On the wall of the Lithuanian Bakery, St. Anthony’s Catholic Church burns.
In 1920, fire ravaged the church, which served as the place of worship for Omaha’s Lithuanian immigrant community. In 1932, the Rev. Joe Jusevich (born Juozas Jusevicius) became pastor, restored the church and pulled the parish out of financial ruin.
In the years following World War II, “Father Joe,” as he was known, shepherded countless Lithuanian families from their home country to Omaha.
Today, Father Joe smiles at onlookers from a corner on the bakery wall. He shares the wall with the Iron Curtain, a map of the Baltic countries, a stork and other images that tell the story of Omaha’s Lithuanian community.
The mural at 5217 S. 33rd Ave. is one of two completed works done as part of the South Omaha Mural Project. The effort, a collaboration of the Nebraska Arts Council, the South Omaha Business Association and others, aims to produce 10 murals, each representing the cultural traditions of a different ethnic group that settled in South Omaha.
This month, project organizers held meetings with the area’s Mexican community for a mural planned for the El Mercado building, 4913 S. 25th St. At the meetings, community members share their individual and family stories, giving artists material to consider for the upcoming painting. The last meeting will be at 3 p.m. Saturday in the South Omaha Library, 2808 Q St.
“I want to get as many people as possible in that room,” said Hugo Zamorano, one of the lead artists for the Mexican mural.
Once the artists decide on a final design, the community will be invited to paint the mural during Cinco de Mayo celebrations later this spring. Zamorano and others will help perfect the image, which will be unveiled on June 11.
Richard Harrison, lead organizer and self-styled “chief daydreamer” on the mural project, said the effort is about celebrating the diverse set of cultures that populate South Omaha. So far, in addition to the Lithuanian “Sieninis Paveikslas” mural, the project completed a “Magic City” mural at 24th and N Streets in 2014.
The painting illustrates South Omaha’s history as a cultural melting pot when it was an independent city, said Gary Kastrick, research consultant with the project and former South High history teacher. Before it was annexed in 1915, the area was known as the “Magic City” for its rapid growth. Immigrants from around the world flocked to South Omaha to take up jobs in the Stockyards.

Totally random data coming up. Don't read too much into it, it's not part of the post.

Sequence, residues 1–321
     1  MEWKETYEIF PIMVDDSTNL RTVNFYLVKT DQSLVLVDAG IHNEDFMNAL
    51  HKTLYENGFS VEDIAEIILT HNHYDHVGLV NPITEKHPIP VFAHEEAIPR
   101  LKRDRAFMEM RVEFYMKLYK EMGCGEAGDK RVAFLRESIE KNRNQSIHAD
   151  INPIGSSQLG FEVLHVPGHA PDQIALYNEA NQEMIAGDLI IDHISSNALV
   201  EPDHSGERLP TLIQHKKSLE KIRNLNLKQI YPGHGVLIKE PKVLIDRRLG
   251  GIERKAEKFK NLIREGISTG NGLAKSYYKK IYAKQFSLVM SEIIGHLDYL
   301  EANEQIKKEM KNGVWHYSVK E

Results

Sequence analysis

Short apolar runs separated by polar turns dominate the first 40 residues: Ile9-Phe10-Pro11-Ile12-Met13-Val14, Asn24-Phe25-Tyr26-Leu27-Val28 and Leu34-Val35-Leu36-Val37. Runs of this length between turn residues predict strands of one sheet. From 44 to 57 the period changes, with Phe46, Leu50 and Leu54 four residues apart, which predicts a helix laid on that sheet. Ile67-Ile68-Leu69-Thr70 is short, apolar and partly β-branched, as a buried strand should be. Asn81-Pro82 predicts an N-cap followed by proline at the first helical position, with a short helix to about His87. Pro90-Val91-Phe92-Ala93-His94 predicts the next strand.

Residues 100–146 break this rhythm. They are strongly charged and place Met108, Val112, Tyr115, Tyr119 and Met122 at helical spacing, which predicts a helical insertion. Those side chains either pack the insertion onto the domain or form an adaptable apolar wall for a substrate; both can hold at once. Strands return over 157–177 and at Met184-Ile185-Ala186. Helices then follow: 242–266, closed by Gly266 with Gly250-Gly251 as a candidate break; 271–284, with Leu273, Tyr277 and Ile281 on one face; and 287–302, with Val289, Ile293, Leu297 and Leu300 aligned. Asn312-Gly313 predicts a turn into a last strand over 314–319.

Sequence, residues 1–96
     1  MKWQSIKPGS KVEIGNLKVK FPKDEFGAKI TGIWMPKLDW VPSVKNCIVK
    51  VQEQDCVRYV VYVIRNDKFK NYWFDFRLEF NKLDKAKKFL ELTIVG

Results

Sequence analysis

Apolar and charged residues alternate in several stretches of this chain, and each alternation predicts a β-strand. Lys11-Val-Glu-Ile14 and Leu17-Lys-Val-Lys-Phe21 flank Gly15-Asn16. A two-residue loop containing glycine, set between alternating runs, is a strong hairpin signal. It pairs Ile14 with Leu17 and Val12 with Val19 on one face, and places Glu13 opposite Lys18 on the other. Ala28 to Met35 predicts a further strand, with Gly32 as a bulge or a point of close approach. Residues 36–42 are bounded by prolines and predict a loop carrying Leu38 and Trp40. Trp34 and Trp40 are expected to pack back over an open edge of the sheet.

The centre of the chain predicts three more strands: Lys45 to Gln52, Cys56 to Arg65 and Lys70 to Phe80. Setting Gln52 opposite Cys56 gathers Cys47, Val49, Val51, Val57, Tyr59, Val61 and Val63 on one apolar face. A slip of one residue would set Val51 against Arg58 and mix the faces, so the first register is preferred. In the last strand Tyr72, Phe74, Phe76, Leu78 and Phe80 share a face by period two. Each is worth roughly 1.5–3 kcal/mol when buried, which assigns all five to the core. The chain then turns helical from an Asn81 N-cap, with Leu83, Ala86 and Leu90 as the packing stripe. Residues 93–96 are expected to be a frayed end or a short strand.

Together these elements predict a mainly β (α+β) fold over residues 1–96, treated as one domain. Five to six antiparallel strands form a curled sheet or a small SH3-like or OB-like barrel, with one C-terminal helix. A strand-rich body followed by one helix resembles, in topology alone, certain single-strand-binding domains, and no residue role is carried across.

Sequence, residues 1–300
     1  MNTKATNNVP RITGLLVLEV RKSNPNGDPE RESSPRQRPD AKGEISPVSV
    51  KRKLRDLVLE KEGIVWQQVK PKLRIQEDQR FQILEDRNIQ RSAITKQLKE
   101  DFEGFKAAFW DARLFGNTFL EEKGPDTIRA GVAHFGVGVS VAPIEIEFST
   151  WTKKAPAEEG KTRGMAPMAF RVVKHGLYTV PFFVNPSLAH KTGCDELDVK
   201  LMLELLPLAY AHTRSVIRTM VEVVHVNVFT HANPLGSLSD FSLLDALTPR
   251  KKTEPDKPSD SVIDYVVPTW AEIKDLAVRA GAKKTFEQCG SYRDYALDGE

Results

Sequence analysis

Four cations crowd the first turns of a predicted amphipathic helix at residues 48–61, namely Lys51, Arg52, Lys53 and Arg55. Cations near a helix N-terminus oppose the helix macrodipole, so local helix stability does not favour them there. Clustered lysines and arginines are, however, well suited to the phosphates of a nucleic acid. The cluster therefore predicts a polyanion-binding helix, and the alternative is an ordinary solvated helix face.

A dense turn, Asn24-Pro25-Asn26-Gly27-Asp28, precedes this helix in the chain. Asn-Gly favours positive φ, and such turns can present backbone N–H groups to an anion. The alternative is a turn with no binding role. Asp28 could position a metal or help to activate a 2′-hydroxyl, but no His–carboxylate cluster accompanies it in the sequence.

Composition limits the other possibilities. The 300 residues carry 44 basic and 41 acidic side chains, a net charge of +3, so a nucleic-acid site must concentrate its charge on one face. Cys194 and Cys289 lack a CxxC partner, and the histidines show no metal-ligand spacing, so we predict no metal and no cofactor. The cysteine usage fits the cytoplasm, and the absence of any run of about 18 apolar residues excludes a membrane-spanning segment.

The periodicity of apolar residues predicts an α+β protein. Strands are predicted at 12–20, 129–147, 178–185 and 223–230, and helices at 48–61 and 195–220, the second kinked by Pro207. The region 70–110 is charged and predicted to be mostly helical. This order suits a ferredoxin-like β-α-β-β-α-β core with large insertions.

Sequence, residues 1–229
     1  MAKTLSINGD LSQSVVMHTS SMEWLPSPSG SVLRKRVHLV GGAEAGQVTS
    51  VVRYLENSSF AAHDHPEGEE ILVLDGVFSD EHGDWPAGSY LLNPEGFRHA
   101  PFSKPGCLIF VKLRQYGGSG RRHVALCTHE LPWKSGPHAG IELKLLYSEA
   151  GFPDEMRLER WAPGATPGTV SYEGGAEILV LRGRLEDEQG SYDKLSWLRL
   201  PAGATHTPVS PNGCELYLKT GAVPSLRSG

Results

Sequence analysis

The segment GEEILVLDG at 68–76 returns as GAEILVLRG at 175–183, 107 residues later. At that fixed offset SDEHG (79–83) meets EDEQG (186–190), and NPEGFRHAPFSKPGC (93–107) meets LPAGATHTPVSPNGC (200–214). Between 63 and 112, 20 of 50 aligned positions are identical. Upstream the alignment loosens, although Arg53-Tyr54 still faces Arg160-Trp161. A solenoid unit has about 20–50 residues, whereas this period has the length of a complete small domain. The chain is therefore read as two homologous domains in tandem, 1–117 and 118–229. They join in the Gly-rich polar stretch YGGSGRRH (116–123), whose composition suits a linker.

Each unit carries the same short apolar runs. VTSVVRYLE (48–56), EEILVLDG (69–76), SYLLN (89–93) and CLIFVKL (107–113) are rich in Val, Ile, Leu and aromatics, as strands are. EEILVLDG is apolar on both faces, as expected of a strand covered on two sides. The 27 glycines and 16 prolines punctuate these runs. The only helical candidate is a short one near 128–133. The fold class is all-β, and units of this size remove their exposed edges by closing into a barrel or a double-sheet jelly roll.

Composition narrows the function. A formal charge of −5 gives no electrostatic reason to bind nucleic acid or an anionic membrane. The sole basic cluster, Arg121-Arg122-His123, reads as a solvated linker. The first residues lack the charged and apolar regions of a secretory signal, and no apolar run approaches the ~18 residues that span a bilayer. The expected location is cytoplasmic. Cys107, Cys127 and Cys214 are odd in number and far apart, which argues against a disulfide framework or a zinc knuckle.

In the mural, spray painted on the red brick wall, two women’s faces — young and old — bookend the scene. Images of streetcars, music and dancing fill the shaded spaces in between. But the painting doesn’t shy away from the neighborhood’s darker stories — in the top right corner, the figure of an ice cream vendor pays homage to Gilberto Hernandez-Vazquez, who was shot and killed in 2012 while pushing his cart through the neighborhood.
The upcoming Mexican mural will be part of a series of four paintings in South Omaha’s Plaza de la Raza area. Three more murals will focus on the Omaha’s Guatemalan, Honduran and Salvadoran communities, Harrison said.
Harrison, who paints murals for a living, also is working with the area’s Polish community to begin a mural, which he hopes will be completed next year. Another, celebrating the Irish community, is also on the list.
The project also was funded by an Omaha mayor’s grant, the City of Omaha historical grant and private donors. The series does not include the Metropolitan Community College South Omaha Mural Project, which was painted in 2014.
Each mural beautifies the area, Harrison said, but murals also serve a practical purpose, limiting graffiti on South Omaha buildings.
Dan Mackevicius, whose family owns the Lithuanian Bakery, said the mural has reduced graffiti — on the mural side of the building. The family still sees occasional graffiti on the other walls. Reaction to the mural from customers has been positive.
Mackevicius’ own grandmother, Stefanija, who started the bakery in 1963, makes an appearance on the mural with her bread and pastries.
The murals, Harrison said, are meant not only to beautify, but also to help individuals and families recognize that they’re part of a long, rich history. They’re meant to be personal and true, Zamorano said, cobbled together from individual experiences, not simply the prevailing narrative of each group’s history.
“With murals,” he said, “people that usually don’t have a say in what goes on, they have a say.”